Depersonalization disorder is a change in how you see yourself. You feel detached from your own mind or body, like you are watching yourself from the outside. It may make you feel like you are in a dream.
What is the cause?
The exact cause of this disorder is not known.
Depersonalization often happens after an accident, assault, emotional trauma, or serious illness or injury.
The brain makes chemicals that affect thoughts, emotions, and actions. Without the right balance of these chemicals, there may be problems with the way you think, feel, or act. People with this disorder may have too little or too much of some of these chemicals.
Depersonalization disorder tends to run in families. It is not known if this is caused by genes passed from parent to child. It may also be that parents have certain ways of expressing emotion, and children learn these patterns from their parents. Child abuse may also have an effect.
It often begins at an early age, from around puberty to the late twenties. Depersonalization can last from a few minutes to many years.
What are the symptoms?
Symptoms may include:
Feeling like your body and thoughts are part of a dream, and not under your control
Seeing common and familiar things as strange
Feeling out of touch with what is happening around you
Seeing yourself from a distance, as if you were outside of your body watching a movie of yourself
Purposely hurting or cutting yourself in order to feel something real
Being aware that your symptoms are only a feeling and not real, which can be very frightening
Sometimes people with this disorder also have panic attacks or get depressed.
How is it diagnosed?
Your healthcare provider or a mental health therapist will ask about your symptoms, medical and family history, and any medicines you are taking. He will make sure you do not have a medical illness or drug or alcohol problem that could cause the symptoms. You may have tests or scans to help make a diagnosis.
How is it treated?
This disorder may get better without treatment, but it may take a long time.
Seeing a therapist is helpful. Cognitive behavior therapy (CBT) is a way to help you identify and change how you see yourself, the world, and the future. CBT can make you aware of unhealthy ways of thinking. It can also help you learn positive ways to think and act. A therapist can help you learn how to:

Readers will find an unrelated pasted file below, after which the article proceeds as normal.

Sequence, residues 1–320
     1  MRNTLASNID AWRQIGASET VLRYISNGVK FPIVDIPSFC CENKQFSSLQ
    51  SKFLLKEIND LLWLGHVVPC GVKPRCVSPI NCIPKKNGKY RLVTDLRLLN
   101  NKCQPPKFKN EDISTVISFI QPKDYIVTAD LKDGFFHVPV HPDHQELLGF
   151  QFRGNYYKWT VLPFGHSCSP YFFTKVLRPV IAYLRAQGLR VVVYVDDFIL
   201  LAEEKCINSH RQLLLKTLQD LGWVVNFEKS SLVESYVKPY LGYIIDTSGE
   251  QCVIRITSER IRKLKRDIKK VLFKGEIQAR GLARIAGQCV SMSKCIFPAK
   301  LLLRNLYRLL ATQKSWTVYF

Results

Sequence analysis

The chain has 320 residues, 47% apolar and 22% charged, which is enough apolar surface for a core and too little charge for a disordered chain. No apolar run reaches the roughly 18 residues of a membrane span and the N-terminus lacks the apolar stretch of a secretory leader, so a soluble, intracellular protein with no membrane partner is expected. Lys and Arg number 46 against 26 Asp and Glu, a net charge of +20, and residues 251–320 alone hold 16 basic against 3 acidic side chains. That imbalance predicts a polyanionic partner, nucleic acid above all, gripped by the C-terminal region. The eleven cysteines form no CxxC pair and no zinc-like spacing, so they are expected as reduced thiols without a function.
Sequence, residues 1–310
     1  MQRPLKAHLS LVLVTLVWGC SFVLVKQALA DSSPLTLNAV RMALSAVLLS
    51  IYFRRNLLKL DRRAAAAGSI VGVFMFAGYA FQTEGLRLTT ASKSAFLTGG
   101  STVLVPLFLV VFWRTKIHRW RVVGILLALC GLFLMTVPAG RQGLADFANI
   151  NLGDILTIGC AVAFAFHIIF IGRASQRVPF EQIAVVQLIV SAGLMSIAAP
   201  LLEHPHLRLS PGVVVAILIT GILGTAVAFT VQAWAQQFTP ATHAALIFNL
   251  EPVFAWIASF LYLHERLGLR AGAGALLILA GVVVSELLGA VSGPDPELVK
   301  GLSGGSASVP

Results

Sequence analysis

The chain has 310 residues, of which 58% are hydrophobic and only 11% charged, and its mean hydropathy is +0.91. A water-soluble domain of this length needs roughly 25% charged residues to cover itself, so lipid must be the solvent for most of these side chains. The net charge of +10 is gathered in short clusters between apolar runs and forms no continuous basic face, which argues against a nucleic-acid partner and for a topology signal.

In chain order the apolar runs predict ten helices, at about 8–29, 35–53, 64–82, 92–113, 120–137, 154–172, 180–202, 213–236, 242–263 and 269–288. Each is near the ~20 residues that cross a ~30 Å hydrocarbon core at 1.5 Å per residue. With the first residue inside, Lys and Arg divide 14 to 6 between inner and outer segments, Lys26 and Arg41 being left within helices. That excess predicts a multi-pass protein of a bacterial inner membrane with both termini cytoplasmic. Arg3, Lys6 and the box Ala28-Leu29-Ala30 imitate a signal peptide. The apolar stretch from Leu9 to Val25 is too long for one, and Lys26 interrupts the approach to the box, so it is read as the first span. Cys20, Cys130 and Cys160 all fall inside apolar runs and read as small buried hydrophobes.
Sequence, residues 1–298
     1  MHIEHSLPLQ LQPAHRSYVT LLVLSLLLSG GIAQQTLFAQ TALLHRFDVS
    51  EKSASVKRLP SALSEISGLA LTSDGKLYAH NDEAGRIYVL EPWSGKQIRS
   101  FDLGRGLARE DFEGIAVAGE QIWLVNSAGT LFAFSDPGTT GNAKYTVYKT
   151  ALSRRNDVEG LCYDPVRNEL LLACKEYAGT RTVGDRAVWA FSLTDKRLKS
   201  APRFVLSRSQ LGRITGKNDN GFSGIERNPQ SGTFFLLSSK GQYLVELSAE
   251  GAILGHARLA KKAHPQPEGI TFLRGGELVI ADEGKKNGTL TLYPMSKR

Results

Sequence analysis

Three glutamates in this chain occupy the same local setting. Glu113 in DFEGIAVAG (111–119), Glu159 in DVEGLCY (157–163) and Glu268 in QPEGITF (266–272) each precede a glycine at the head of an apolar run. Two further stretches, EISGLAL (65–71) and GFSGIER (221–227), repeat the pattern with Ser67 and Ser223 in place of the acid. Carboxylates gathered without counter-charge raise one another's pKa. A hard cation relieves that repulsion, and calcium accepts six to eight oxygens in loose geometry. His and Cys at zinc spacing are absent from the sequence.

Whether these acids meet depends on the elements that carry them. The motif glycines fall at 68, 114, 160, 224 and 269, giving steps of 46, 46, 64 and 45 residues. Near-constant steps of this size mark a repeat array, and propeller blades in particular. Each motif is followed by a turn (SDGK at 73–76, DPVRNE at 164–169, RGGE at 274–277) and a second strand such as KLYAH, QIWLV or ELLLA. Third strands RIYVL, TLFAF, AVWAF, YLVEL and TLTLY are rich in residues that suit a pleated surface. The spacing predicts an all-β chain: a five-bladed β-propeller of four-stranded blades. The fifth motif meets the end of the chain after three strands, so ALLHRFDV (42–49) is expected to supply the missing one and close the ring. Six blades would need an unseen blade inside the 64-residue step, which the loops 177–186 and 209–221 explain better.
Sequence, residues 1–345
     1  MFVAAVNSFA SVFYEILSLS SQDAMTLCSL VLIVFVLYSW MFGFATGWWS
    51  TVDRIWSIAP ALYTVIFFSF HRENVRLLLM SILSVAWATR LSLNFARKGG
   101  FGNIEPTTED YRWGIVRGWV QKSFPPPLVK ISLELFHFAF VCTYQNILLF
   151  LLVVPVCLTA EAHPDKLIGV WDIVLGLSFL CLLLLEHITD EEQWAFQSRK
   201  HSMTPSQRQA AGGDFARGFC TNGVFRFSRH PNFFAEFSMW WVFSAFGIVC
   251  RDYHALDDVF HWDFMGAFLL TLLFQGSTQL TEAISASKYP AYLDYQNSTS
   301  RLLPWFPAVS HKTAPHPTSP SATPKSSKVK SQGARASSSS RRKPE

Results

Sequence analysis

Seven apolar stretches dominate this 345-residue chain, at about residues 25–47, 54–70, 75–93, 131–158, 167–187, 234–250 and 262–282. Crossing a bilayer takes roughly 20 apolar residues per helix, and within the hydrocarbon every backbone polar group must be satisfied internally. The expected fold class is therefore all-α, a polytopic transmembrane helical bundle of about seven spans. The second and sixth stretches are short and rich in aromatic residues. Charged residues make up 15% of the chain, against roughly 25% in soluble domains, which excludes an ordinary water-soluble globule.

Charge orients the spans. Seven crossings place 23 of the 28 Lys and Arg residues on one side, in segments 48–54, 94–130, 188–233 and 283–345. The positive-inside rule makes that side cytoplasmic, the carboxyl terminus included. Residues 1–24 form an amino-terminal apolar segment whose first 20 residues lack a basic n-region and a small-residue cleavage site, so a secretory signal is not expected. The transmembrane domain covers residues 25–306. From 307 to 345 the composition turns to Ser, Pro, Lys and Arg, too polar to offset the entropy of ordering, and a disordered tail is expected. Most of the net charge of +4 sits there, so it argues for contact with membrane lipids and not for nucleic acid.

Test the reality of your thoughts
Cope with stress
Identify early warning signs that symptoms are getting worse
Set goals and motivate yourself
Several medicines can help. Your healthcare provider will work with you to select the best medicine. You may need to take more than one type of medicine.
Hypnosis may help some people with this disorder. Learning ways to relax may help. Yoga and meditation may also be helpful. You may want to talk with your healthcare provider about using these methods along with medicines and therapy.
How can I take care of myself?
Get support. Talk with family and friends. Join a support group in your area.
Learn to manage stress. Ask for help at home and work when the load is too great to handle. Find ways to relax, for example take up a hobby, listen to music, watch movies, or take walks. Try deep breathing exercises when you feel stressed.
Take care of your physical health. Try to get at least 7 to 9 hours of sleep each night. Eat a healthy diet. Limit caffeine. If you smoke, quit. Avoid alcohol and drugs because they can make your symptoms worse. Exercise according to your healthcare provider’s instructions.
Check your medicines. To help prevent problems, tell your healthcare provider and pharmacist about all of the medicines, natural remedies, vitamins, and other supplements that you take. Take all medicines as directed by your provider or therapist. It is very important to take your medicine even when you are feeling and thinking well. Without the medicine, your symptoms may not improve or may get worse. Talk to your provider if you have problems taking your medicine or if the medicines don’t seem to be working.
Contact your healthcare provider or therapist if you have any questions or your symptoms seem to be getting worse.
Adult Advisor 2015.1 published by RelayHealth. Last modified: 2014-08-28 Last reviewed: 2014-06-10
This content is reviewed periodically and is subject to change as new health information becomes available. The information is intended to inform and educate and is not a replacement for medical evaluation, advice, diagnosis or treatment by a healthcare professional.
Depersonalization Disorder: References
Depersonalization: A New Look at a Neglected Syndrome (Cambridge Medicine) by Mauricio Sierra. 2009.
Feeling Unreal: Depersonalization Disorder and the Loss of the Self by Daphne Simeon and Jeffrey Abugel.2008.
Lishman’s Organic Psychiatry: A Textbook of Neuropsychiatry; 4th edition; Antony David, Simon Fleminger, Michael Kopelman, Simon Lovestone, John Mellers; Wiley-Blackwell; 2009